Lowest cost and easiest way to eliminate green hair, bubble, turf and slime algae

Air Pump Recommendations for UAS® upflow algae scrubbers®. Having bought and tried all of these, here are the best ones:

Flow (highest to lowest):

Coralife Super Luft... TONS of flow for multiple outlets or multiple scrubbers
Tetra Whisper 300... High flow if both outlets are combined into one
JW Aquatic Fusion 700... High flow if both outlets are combined into one
Tetra Whisper 150... Good flow for one outlet
Coralife Luft (regular)... Good flow for one outlet

Noise (most to least):

Coralife Super Luft... (Loud; vibrates)
Coralife Luft (regular)... (Vibrates)
JW Aquatic Fusion 700... Slight vibration
Tetra Whisper 300... Silent
Tetra Whisper 150... Silent

Size: (big to small):

Tetra Whisper 300... Large
JW Aquatic Fusion 700... Medium
Coralife Super Luft... Medium
Tetra Whisper 150... Medium
Coralife Luft (regular)... Small

Cost (most to least):

Coralife Super Luft
Coralife Luft (regular)
Tetra Whisper 300
Tetra Whisper 150
JW Aquatic Fusion 700

Overall winner for a single UAS scrubber used at home: JW Aquatic Fusion 700 (also is the only one with adjustable flow)
Overall winner for multiple UAS scrubbers if noise if ok: Coralife Super Luft

Oct 17, 2011
Santa Monica, CA, USA
1982: The original dump-bucket style algae scrubber (works, but very hard to build, install, operate, and harvest)

2008: Waterfall style algae scrubber (works good but hard to build and install; must be removed to harvest)

2011: Upflow style scrubber (work goods, easier to build and install on the glass; must be removed to harvest)

2013: ??? (work great, all 3D growth, easy to build, and instant in-place harvesting without needing to remove anything or turn anything off).


Superstar Fish
Jun 2, 2010
Yelm, WA
Otos seem to do the best job of eating the algae off the glass, but I have noticed the mollies doing a fair job on the artificial plants and ornaments. Nobody does a complete job.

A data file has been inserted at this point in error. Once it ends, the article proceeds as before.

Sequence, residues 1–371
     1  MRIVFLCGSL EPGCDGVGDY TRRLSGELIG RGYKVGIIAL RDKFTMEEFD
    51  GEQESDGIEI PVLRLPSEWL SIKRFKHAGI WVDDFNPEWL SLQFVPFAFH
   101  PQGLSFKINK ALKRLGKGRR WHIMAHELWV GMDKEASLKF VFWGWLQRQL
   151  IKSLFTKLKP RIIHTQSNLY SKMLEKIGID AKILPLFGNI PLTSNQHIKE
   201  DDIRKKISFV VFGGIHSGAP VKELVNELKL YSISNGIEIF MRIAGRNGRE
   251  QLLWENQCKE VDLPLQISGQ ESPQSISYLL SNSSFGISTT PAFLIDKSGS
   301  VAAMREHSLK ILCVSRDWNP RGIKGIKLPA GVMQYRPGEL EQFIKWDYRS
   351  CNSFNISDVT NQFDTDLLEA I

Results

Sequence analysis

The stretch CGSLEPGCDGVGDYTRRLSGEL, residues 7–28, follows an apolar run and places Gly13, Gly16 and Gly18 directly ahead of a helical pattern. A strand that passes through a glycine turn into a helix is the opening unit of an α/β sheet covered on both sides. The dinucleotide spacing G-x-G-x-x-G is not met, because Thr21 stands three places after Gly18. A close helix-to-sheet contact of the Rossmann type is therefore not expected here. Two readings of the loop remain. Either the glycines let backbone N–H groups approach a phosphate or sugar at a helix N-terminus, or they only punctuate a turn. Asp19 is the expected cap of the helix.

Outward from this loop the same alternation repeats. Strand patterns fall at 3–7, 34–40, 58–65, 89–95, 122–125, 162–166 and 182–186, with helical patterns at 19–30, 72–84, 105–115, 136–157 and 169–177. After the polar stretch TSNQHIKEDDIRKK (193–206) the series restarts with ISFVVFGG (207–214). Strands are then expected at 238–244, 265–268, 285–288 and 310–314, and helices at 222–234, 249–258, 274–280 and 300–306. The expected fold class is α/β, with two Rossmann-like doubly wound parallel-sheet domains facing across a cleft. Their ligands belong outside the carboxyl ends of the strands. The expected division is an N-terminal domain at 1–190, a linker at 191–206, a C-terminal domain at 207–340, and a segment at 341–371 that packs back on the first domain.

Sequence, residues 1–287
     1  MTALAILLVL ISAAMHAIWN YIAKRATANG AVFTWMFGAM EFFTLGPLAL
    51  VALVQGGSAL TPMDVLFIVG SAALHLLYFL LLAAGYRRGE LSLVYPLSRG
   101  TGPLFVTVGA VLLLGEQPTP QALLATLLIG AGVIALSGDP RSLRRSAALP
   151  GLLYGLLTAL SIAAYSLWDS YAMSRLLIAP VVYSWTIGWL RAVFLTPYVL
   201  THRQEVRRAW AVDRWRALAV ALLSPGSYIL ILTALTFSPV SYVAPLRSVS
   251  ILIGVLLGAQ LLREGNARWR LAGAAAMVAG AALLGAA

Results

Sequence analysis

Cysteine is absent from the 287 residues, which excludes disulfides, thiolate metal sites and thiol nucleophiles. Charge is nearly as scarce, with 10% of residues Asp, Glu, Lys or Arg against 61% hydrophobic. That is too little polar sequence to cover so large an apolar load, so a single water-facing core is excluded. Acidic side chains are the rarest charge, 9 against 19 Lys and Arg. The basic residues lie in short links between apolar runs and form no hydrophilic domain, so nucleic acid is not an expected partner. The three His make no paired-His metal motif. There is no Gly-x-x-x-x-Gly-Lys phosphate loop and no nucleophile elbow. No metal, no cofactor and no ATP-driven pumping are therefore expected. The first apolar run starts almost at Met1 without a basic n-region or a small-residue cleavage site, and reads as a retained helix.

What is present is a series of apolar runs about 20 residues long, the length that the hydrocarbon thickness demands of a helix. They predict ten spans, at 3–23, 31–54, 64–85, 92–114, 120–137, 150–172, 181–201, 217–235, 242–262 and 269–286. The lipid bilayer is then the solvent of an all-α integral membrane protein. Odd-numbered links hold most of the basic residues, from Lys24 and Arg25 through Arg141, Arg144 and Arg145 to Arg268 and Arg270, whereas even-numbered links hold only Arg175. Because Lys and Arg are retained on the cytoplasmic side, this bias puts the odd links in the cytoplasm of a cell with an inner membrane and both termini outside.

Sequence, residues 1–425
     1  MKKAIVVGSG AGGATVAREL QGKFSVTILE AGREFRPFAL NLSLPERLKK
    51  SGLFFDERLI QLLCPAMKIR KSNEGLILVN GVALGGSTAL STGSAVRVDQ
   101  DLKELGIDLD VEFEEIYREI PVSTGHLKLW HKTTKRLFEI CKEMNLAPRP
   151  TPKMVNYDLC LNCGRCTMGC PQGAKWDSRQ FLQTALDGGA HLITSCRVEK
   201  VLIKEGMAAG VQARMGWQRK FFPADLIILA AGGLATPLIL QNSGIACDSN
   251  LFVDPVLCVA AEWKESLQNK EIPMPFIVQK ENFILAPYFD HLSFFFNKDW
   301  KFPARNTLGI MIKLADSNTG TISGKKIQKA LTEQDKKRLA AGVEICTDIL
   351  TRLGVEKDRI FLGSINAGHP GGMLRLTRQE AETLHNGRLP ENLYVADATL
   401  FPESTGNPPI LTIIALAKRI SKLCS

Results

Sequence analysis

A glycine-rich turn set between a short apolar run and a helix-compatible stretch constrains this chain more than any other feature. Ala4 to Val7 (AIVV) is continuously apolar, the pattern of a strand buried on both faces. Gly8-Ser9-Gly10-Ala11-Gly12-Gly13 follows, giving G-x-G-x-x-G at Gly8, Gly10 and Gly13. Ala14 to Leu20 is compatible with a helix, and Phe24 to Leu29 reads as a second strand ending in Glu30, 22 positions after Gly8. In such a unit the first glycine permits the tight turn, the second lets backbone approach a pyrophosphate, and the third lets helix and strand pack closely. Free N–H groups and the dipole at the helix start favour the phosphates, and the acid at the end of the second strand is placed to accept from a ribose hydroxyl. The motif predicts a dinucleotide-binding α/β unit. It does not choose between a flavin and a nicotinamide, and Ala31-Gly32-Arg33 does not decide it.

Feb 18, 2013
Side note, my wife purchased the parts for a 3d printer (Prusa Mendel I2) for me for our anniversary, the rest of the parts should be in soon, one of my first projects is to print a couple of valves, and an inline algae scrubber. I'd be glad to share the blueprints once I have the bugs worked out, or print for cost of materials + shipping.

Summary of 3D printing links:

Endless things to print:
Thingiverse - Digital Designs for Physical Objects

General forum for all printers:

Massive forum for lots of printer kits and DIY:
RepRap Forums

Current lowest-cost assembled printer to print aquarium-safe ABS plastic:
The Buccaneer® - The 3D Printer that Everyone can use! by Pirate3D Inc :: Kicktraq

Current most popular U.S. based assembled printer:

Low cost Chinese clone of Makerbot:
Flashforge 3D printer

Another low cost Chinese clone of Makerbot:
3D printer

Phosphate flow out of rocks

Many people, when they get their scrubber running for the first time, get worried when more (not less) algae starts to grow on their rocks. It seems really strange, especially when nitrate and phosphate have gone lower than before. What is happening is that phosphate is coming out of the rocks. Remember, phosphate is invisible, so you can only see the effects of it, and it always "flows" from higher concentrations to lower concentrations (just like heat does).

Example: If your room is warm, and you put a cold object on the floor, heat from the air in the room will "flow" into the object until the object and the air are the same temperature. Example 2: If you put a hot object on the floor, heat will "flow" out of the object and go into the air in the room, again, until the air and the object are the same temperature. Now suppose you open your windows (in the winter). The warm air in your room will go out the windows, and it will get colder in the room. The object on the floor is now warmer than the air, so heat will flow out of the object and into the air, and then out the window.

Think of phosphate as the heat, and your rocks as the object, and your windows as the scrubber. As the scrubber pulls phosphate out of the water, the phosphate level in the water drops. Now, since the phosphate level in the water is lower than the phosphate level in the rocks, phosphate flows from the rocks into the water, and then from the water into the scrubber. This continues until the phosphate levels in the rocks and water are level again. And remember, you can't see this invisible flow.